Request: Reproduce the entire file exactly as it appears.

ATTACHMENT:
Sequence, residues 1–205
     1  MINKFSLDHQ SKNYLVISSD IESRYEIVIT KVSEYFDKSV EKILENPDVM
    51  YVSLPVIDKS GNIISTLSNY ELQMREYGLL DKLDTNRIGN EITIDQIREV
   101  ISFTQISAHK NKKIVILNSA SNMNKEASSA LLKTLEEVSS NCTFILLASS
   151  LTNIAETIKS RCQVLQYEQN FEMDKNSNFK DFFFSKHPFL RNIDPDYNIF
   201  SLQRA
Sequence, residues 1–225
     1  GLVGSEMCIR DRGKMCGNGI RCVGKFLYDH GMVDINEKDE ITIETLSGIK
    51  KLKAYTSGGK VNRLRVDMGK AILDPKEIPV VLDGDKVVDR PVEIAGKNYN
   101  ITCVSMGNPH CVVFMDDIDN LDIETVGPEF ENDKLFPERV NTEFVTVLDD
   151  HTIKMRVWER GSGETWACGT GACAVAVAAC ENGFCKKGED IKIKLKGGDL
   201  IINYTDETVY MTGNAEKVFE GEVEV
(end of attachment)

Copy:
Sequence, residues 1–205
     1  MINKFSLDHQ SKNYLVISSD IESRYEIVIT KVSEYFDKSV EKILENPDVM
    51  YVSLPVIDKS GNIISTLSNY ELQMREYGLL DKLDTNRIGN EITIDQIREV
   101  ISFTQISAHK NKKIVILNSA SNMNKEASSA LLKTLEEVSS NCTFILLASS
   151  LTNIAETIKS RCQVLQYEQN FEMDKNSNFK DFFFSKHPFL RNIDPDYNIF
   201  SLQRA
Sequence, residues 1–225
     1  GLVGSEMCIR DRGKMCGNGI RCVGKFLYDH GMVDINEKDE ITIETLSGIK
    51  KLKAYTSGGK VNRLRVDMGK AILDPKEIPV VLDGDKVVDR PVEIAGKNYN
   101  ITCVSMGNPH CVVFMDDIDN LDIETVGPEF ENDKLFPERV NTEFVTVLDD
   151  HTIKMRVWER GSGETWACGT GACAVAVAAC ENGFCKKGED IKIKLKGGDL
   201  IINYTDETVY MTGNAEKVFE GEVEV